On Lawyer Silence and Authoritarianism – by Susan J. Kohlmann, President

Susan J. Kohlmann

Last week I had the privilege of introducing a New York City Bar Association program called “Lawyer Silence and the Rise of Authoritarianism.” It’s now available on video.

The program began by examining the erosion of the rule of law in Germany in the 1930s, and Argentina and Chile in the 1970s, and contrasted those events with the very different way the rule of law is being eroded around the world today. Yet, as the world learned the very next day, unfortunately the age of the violent coup is not definitively over: overnight the news broke about a plan to overthrow Germany’s government. See Myanmar. See January 6.

But as Professor Kim Lane Scheppele put it in our program, today we don’t see “tanks in the streets” so much as “phalanxes of lawyers,” because “the way democracy dies now is by law.” What scholars call “autocratic legalism” is the insidious, under-the-radar threat on which we lawyers need to focus.

Almost exactly two years ago, in response to the frivolous and bad-faith lawsuits attacking the 2020 presidential election results with false claims of election fraud, the New York City Bar Association called on lawyers to stand up and speak out for the rule of law “because lawyers have been prominently involved in causing the damage to our community’s respect for law and our Constitutional government.” Just last week, a candidate for president of the United States called for the termination of our Constitution.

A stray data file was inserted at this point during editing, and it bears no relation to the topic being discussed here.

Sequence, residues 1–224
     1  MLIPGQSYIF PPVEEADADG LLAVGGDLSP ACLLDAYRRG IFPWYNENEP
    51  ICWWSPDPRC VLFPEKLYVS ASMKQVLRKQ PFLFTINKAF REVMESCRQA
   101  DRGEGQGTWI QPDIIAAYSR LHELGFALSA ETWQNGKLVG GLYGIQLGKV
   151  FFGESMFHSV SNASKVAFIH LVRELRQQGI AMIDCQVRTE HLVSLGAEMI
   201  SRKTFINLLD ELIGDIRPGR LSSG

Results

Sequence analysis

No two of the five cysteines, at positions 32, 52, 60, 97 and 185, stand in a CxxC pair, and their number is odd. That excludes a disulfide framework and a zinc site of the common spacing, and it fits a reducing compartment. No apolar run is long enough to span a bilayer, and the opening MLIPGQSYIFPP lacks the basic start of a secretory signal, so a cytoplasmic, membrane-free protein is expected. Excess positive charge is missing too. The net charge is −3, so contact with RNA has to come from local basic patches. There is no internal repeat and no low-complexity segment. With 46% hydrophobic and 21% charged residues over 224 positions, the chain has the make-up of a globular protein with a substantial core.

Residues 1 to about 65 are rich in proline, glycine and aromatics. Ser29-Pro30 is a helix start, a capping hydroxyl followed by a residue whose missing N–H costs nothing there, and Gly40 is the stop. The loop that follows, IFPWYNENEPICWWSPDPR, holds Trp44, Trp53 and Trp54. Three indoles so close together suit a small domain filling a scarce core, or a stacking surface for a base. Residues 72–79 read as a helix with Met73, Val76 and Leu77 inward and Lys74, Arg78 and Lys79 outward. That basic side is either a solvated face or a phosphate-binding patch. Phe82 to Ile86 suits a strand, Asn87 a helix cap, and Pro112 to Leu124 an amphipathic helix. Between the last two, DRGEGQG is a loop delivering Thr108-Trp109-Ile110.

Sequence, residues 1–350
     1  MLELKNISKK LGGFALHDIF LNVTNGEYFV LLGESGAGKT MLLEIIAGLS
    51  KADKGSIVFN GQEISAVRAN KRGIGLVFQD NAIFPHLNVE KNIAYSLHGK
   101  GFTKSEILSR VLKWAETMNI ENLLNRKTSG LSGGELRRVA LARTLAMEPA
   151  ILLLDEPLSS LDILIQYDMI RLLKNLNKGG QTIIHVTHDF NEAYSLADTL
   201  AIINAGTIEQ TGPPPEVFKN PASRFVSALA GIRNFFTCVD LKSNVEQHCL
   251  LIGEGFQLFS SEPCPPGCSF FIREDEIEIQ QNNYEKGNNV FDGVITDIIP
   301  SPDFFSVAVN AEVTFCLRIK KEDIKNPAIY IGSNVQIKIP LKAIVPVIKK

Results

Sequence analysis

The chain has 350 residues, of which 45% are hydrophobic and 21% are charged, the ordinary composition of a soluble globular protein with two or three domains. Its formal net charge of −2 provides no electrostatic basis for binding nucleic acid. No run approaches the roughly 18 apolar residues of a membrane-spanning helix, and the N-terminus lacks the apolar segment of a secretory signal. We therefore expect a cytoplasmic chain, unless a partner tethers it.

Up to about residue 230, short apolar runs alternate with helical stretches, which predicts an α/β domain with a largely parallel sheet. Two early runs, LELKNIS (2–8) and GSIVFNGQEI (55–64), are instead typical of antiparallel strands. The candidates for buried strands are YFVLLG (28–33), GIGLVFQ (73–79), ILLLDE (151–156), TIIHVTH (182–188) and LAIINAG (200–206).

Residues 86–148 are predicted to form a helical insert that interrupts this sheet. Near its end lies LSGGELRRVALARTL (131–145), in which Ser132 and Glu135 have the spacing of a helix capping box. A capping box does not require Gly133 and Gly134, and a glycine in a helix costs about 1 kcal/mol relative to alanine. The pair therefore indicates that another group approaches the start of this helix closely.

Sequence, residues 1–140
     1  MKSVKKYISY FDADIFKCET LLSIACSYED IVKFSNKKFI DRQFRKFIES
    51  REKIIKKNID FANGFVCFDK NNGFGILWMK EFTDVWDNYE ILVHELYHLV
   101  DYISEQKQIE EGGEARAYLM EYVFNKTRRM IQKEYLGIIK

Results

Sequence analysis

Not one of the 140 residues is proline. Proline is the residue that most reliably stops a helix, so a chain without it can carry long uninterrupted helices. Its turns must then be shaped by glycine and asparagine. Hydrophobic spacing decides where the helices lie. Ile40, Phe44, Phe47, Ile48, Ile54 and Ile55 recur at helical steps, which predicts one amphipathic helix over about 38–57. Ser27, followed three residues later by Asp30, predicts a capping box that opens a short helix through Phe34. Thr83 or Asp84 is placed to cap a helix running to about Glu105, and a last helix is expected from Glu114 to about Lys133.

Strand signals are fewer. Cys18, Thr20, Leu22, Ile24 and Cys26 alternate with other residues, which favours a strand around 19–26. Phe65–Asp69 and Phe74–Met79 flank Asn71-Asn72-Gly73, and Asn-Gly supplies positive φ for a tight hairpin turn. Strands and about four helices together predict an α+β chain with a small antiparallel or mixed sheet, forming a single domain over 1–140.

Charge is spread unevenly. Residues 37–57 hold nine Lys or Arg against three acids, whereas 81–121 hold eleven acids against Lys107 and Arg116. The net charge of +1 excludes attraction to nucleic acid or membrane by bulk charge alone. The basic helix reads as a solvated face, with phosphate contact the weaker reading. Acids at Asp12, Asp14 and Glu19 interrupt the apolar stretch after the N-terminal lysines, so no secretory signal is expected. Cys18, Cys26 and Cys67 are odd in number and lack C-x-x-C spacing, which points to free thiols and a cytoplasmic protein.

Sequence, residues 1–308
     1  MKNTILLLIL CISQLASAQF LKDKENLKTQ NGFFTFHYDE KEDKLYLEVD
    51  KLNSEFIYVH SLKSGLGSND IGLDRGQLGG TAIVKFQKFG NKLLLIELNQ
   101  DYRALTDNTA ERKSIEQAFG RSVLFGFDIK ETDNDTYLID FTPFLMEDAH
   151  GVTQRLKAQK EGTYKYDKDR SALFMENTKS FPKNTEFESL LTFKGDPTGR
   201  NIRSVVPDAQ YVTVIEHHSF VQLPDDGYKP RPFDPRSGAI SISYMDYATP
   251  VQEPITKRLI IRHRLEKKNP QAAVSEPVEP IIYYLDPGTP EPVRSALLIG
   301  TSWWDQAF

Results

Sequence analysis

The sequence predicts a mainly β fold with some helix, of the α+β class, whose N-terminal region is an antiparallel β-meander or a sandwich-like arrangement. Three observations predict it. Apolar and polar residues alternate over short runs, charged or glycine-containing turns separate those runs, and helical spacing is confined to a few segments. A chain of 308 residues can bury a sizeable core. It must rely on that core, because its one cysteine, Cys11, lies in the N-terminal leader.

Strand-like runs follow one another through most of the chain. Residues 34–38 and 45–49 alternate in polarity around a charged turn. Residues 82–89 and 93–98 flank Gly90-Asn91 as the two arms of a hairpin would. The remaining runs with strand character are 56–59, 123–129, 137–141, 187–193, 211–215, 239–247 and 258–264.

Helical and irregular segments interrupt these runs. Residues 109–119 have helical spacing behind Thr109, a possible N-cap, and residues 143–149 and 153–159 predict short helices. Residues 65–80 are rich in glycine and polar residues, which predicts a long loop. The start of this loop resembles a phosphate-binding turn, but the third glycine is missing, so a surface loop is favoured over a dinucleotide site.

The latest threat to democracy in America in the legal arena is the Independent State Legislature Theory, a formerly fringe theory that holds that clauses in the U.S. Constitution give authority to state legislatures — unchecked by state courts — regarding federal elections. The City Bar put on a program, co-sponsored by the Brennan Center for Justice, about this two weeks ago that is also available on video.

Speaking out on threats to democracy within the legal system is the first thing the City Bar ever did, when it was founded in 1870 to counter corruption in the judiciary. And through the years, at inflection points throughout history, it has continued to find its voice. Today, we often speak through our Task Force on the Rule of Law, which was formed to respond to the unique threats to democracy in the current era, and our Election Law Committee. Notably, for this program on the need for lawyers to speak up, 14 other City Bar committees stepped up to be co-sponsors.

Indeed, we need all lawyers, as guardians of the rule of law, to be vigilant, to see what’s happening under the radar, and then to stand up and speak out for democracy and the rule of law. We invite lawyers and law students to sign our pledge on voting and the rule of law. And as the 2024 elections approach, we invite you to take action through our Election Protection Opportunities for Lawyers.

I hope you will watch “Lawyer Silence and the Rise of Authoritarianism,” which features an extraordinary panel of experts, including European Parliament Vice President Katarina Barley; Professor and former Special Rapporteur on Torture, United Nations Human Rights Office of the High Commissioner, Juan Mendez; Professor Kim Lane Scheppele; and Professor Diane Orentlicher as moderator. There are important lessons in it for us all.